Which railway sleepers are best?
Wondering which railway sleepers are best for the job at-hand? Luckily for you, the Suregreen team have been busy putting together answers to your frequently asked questions, so that you can choose the right railway sleepers for your next project.
What are railway sleepers?
Traditionally used to lay rail tracks on, railway sleepers are large rectangular sawn pieces of timber that are now used in a variety of landscaping and gardening environments, such as raised beds, lawn and border edging, steps, pathways and retaining walls.
What is the difference between softwood and hardwood railway sleepers? What are softwood sleepers made from?
Our softwood railway sleepers are sawn from pine, spruce and larch wood. Softwood sleepers are from faster growing trees where the wood is not as dense and slow growing as hardwoods such as oak. As the softwood is not as naturally dense and strong as oak, they are pressure-treated to counter this and offer long-lasting protection against damp and rot. Our hardwood sleepers, on the other hand, are from slower growing trees, predominantly oak (Quercus Cerris & Robur), where the wood is dense and heavy, and thus naturally strong and resistant to the elements of nature without the need for treatments.
How long do railway sleepers last?
Railway sleepers will last for years, with our softwood treated sleepers typically lasting around 8 to 10 years due to the pressurised treatment, and UC4 treatments extending this to 15 years. Softwood that is left untreated will still last around two to five years, which is why all of our softwood sleepers have been treated for longevity. We also supply hardwood sleepers, with oak sleepers ranging from 15 to 20 years and European oak sleepers lasting for 20 years.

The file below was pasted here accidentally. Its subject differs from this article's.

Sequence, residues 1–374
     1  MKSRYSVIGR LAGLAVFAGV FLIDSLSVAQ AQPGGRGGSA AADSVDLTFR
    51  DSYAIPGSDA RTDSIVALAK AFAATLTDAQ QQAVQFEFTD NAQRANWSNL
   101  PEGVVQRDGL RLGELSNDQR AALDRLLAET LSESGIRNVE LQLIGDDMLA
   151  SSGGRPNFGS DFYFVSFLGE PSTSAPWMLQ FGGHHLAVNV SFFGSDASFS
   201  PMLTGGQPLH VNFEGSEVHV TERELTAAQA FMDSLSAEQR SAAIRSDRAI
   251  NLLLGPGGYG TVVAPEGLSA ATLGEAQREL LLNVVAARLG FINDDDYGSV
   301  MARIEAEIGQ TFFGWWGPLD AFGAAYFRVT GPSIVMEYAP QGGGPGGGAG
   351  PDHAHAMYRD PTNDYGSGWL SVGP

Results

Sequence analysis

Do I need to apply treatments to the railway sleepers?
All of our softwood railway sleepers are already pressure treated, so you do not need to treat them with a wood preservative unless you sawn them into different lengths, leaving the ends open and needing protection to last their expected lifespan of 8 to 10 years. Our hardwood sleepers do not need treating, as they are naturally dense and strong, but will benefit from a lick of oil (such as linseed or Danish) to keep their aesthetics on top form.
What does tanalised mean? What pressure treatment do you use on railway sleepers?
Pressure treatment, also known as tanalisation, refers to the way in which the timber is treated. Our railway sleepers are cut from sustainably run forests, then sawn into the required shapes. After reaching the correct moisture content (around 25% max), the railway sleepers are put in a large cylinder. When the doors to the cylinder are shut, a chemical such as Tanalith E is added to cover all the wood, before up to 13 bar of pressure is applied to ensure the preservative chemical is absorbed. The chemical is then drained from the cylinder, before the timber is vacuumed to pull out any chemical left. This leaves treated wood to remain resistant to the elements of nature.
What is the difference between green and brown treatments?
The treatment process is exactly the same, however, the brown treated sleepers have a brown dye added. There is no difference other than the aesthetics. If you would prefer a more modern look, why not try our Barrettine Shed & Fence Treatment?
Do you use Creosote on your railway sleepers?
No, our railway sleepers have not been treated with Creosote. Historically, Creosote used to be used for railways sleepers as it is the ultimate treatment for timber for ensuring longevity. However, this is now outlawed for the domestic market - and on a hot day, the last thing you want is a sleeper sweating out tar on your pristine garden! Creosote now is only used for commercial fencing for livestock applications and telegraph poles.
What is the difference between reclaimed and new railway sleepers?